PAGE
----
The vote for Brexit has brought a renewed political focus on the ‘left-behind’ towns which most commentators agree drove the referendum outcome and will be instrumental in the next general election.
This is welcome, reflecting an increasing awareness of political and economic divides across the country.
Unfortunately, it has also been coupled with the idea that towns have been fallen behind because consecutive governments have prioritised cities instead – from the devolution agenda championed by former chancellor George Osborne, to decisions about investment. In other words, towns struggle because cities have done well, so we need to channel political attention and resources away from cities.
But this thinking is misplaced. First, it gives too much credit to government city-focused intervention: cities that are increasingly successful began their revival long before Whitehall rediscovered them.
Indeed, that success has had as much to do with the expansion of university education, the increase in EU immigration and the national economy’s shift from manufacturing to knowledge-led services – all disproportionately benefiting urban areas.
Second, it overlooks the deep-rooted economic links between cities and towns across the UK. As a recent Centre for Cities report shows, the prospects of both are inextricably linked.
For example, cities provide jobs and opportunities for people living in nearby towns, with one in five living outside cities commuting to work in one. That also highlights that people living in towns and rural areas are crucial for the success of our cities.
Moreover, the report shows that when city economies thrive, so do nearby town economies. Towns which are close to successful cities also do better in attracting high-skilled business investment and jobs, while those close to less successful cities have lower employment rates, and struggle to attract high-paying firms and jobs.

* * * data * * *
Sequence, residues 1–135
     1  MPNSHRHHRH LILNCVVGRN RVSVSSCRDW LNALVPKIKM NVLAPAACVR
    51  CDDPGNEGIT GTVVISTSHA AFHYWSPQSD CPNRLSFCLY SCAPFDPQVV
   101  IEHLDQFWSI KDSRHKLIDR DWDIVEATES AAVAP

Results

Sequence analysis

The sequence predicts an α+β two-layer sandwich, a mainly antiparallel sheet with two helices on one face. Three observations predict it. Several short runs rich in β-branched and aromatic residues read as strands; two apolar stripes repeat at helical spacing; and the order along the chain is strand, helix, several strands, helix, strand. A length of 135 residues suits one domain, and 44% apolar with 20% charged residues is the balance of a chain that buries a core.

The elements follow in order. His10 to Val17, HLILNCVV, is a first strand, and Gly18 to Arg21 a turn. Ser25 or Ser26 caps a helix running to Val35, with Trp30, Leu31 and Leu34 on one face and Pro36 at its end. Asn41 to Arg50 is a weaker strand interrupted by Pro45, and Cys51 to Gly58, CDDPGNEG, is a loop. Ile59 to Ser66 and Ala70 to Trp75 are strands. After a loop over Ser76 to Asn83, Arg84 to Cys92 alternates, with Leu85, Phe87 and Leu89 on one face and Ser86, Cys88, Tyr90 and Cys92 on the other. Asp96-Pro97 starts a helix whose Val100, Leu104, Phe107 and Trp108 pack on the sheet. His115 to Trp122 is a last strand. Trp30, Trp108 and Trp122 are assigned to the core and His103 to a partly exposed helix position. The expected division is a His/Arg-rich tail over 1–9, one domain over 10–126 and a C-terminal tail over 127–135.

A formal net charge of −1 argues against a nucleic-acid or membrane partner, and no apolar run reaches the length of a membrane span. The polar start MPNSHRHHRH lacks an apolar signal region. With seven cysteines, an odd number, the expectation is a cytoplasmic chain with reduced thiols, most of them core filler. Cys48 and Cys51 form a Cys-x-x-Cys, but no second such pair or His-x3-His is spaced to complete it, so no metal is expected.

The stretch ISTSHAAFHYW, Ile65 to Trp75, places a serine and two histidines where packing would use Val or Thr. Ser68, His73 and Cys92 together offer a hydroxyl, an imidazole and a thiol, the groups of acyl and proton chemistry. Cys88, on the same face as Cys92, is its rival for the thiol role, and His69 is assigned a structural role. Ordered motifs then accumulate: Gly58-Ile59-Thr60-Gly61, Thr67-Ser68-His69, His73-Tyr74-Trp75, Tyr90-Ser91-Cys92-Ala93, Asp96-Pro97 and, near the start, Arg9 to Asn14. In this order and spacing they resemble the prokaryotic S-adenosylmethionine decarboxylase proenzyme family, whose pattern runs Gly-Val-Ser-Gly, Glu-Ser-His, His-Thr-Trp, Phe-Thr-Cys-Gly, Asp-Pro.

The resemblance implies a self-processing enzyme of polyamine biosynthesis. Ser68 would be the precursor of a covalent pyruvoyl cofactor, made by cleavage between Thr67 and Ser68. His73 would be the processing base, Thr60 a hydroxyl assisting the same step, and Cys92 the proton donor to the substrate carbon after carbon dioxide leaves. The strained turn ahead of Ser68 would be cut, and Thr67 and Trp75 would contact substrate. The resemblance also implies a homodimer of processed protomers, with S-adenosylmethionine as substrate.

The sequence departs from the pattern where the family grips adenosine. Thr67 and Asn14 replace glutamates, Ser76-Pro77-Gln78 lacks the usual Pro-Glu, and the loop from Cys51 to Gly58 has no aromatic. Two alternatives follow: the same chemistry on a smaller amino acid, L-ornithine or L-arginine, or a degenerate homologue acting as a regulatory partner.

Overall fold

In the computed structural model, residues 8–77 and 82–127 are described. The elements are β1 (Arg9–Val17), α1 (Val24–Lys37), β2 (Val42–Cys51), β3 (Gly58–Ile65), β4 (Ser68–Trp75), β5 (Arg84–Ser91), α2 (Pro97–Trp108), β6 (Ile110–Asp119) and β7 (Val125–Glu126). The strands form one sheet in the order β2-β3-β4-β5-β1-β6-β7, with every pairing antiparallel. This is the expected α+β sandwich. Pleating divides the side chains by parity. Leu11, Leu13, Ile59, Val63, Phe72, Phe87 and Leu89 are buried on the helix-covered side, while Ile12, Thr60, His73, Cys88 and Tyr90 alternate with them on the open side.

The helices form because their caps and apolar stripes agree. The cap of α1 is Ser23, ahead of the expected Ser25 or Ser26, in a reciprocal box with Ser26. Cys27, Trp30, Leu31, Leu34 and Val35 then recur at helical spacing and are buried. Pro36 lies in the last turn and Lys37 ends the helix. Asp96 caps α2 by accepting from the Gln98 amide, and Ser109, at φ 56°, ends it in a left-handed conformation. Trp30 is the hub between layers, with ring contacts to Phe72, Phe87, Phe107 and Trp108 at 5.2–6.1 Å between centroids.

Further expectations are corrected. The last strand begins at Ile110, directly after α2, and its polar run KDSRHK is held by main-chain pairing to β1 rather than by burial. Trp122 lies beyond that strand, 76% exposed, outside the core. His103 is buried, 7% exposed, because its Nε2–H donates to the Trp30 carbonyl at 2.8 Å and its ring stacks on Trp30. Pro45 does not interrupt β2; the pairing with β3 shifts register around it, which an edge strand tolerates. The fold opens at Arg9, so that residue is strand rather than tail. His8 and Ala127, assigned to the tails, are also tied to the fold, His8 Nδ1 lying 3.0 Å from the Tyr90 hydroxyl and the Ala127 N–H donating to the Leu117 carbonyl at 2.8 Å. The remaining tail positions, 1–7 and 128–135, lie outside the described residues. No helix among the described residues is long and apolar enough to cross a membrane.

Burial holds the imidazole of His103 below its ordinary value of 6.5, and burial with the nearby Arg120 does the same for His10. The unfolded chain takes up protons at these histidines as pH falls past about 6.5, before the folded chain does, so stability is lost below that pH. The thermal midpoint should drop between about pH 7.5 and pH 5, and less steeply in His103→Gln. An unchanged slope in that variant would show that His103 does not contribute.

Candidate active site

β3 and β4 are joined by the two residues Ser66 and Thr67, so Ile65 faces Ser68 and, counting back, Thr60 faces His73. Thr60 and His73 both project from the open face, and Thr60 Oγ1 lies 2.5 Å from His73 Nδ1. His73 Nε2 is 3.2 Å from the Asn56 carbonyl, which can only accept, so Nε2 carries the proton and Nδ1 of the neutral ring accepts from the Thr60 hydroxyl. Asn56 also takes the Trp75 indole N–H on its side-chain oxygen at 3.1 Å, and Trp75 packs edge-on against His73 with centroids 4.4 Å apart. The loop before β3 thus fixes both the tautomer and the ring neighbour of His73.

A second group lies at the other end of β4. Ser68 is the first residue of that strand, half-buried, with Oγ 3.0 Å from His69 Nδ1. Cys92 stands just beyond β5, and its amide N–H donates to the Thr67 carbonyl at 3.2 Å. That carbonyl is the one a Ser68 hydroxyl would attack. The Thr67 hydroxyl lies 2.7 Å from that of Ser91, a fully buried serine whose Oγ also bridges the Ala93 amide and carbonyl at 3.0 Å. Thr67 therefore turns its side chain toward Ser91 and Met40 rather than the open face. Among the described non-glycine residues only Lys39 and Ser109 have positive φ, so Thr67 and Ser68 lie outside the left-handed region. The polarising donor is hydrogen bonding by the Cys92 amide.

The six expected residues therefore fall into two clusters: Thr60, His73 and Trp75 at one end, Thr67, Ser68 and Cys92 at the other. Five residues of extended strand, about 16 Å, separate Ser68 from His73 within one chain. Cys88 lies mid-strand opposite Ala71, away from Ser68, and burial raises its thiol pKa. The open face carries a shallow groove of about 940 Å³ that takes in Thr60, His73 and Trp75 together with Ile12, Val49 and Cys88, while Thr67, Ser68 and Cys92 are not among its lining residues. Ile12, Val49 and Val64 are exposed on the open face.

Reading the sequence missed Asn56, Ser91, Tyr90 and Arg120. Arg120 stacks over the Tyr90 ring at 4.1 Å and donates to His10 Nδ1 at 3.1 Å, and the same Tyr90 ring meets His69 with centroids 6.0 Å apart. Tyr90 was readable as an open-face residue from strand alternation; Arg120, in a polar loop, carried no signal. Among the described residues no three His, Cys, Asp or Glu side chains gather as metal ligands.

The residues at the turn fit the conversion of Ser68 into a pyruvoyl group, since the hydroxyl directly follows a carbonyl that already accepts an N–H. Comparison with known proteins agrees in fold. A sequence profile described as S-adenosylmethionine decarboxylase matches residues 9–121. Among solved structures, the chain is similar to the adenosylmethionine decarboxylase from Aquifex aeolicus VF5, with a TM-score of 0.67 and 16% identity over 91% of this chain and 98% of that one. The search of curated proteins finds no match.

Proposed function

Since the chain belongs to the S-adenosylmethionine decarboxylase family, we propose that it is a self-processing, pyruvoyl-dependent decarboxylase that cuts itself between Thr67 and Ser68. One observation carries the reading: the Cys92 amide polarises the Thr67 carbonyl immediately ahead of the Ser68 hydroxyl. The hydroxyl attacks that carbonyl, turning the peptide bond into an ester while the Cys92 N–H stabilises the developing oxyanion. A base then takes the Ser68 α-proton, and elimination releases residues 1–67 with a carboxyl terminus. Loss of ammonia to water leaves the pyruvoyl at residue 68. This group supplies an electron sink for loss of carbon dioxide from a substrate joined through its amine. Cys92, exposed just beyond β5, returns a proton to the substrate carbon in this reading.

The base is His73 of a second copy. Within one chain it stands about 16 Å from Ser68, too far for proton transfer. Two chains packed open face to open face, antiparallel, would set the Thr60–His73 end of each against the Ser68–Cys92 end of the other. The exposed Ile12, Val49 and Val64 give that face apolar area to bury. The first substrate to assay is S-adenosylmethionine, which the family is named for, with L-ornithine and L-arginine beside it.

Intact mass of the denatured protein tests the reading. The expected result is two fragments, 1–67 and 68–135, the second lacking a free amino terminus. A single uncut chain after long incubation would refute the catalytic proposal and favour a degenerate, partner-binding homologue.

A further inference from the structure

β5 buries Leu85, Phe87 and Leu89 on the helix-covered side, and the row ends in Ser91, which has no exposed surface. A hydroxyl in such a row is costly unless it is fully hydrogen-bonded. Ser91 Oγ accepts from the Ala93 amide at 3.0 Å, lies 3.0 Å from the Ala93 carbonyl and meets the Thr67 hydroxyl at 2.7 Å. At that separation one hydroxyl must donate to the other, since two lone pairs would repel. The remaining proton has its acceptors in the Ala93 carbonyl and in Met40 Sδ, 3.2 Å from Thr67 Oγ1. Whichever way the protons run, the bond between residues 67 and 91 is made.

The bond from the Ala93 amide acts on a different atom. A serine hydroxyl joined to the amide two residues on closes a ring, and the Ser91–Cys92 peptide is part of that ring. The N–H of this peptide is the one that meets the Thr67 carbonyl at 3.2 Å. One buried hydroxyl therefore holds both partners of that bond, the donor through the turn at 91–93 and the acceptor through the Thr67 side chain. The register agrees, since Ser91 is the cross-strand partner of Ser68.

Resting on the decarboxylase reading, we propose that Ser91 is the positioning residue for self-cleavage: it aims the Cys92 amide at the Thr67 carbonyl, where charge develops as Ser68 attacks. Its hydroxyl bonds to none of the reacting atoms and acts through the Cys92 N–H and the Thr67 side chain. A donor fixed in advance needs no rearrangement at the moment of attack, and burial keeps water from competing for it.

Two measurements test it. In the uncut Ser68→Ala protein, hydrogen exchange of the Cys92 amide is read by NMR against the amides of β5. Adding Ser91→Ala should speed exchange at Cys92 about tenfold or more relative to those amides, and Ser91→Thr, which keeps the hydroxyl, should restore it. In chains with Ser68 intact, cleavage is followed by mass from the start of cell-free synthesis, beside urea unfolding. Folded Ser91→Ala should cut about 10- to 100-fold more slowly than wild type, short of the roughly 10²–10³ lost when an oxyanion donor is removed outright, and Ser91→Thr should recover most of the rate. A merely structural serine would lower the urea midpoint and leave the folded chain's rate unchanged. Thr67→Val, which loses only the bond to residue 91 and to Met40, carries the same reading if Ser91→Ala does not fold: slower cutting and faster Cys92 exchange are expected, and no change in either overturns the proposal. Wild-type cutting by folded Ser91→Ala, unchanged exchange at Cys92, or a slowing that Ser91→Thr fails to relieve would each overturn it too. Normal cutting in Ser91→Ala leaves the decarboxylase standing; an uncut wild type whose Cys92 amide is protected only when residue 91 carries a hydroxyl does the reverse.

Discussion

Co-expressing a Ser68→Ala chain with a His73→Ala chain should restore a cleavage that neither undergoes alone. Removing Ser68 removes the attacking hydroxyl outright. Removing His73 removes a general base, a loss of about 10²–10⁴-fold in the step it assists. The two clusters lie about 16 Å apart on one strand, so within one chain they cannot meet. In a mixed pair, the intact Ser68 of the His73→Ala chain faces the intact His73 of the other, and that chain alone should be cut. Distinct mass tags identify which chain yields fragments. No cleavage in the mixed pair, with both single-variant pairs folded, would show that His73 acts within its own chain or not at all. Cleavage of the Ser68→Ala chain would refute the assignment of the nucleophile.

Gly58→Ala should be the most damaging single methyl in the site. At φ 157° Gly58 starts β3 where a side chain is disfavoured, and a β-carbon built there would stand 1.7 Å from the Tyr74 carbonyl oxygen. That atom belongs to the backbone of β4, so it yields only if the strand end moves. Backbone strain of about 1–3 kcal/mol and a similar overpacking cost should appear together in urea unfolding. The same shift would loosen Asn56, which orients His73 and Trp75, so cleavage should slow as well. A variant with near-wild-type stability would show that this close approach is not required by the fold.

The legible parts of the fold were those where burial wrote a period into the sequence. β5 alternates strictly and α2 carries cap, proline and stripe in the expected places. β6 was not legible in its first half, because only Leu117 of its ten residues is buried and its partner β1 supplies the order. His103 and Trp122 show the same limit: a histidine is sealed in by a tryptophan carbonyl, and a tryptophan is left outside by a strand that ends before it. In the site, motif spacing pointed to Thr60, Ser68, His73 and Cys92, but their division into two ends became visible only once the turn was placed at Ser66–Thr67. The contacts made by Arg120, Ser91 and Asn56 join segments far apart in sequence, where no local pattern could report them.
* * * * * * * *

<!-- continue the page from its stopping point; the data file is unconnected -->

As such, for struggling and left-behind towns to prosper, we also need our cities to thrive. But too many of them do not – 52 out of 62 cities have productivity levels below the national average. The goal for policy-makers should be to raise prosperity in both towns and cities, rather than treat it as a zero-sum game.
To do that, we need a greater effort to improve skills levels in all places, which will be critical to improving their economic prospects.
Additionally, the government should be ambitious in the upcoming devolution framework, giving places of all sizes appropriate powers, resources and responsibilities to allow them to prosper. That means devolving more powers to the existing metro mayors, stepping up efforts to secure deals with other city regions, and setting out plans for devolution in smaller places.
This will be crucial in for the prospects of towns and cities across the country – and for the national economy – as we prepare to leave the EU.
Andrew Carter, chief executive, Centre for Cities